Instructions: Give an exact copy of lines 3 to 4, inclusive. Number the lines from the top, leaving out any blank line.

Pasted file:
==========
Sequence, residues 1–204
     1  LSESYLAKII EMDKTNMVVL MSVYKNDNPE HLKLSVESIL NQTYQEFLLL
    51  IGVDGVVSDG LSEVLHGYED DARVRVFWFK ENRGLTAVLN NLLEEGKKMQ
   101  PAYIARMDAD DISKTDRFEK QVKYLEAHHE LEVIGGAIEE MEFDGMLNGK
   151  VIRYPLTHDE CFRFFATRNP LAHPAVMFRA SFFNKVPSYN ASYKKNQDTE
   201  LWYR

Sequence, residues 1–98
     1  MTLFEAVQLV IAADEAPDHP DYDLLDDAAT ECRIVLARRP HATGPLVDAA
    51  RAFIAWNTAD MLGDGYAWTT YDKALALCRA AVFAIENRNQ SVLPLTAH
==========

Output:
    51  IGVDGVVSDG LSEVLHGYED DARVRVFWFK ENRGLTAVLN NLLEEGKKMQ
   101  PAYIARMDAD DISKTDRFEK QVKYLEAHHE LEVIGGAIEE MEFDGMLNGK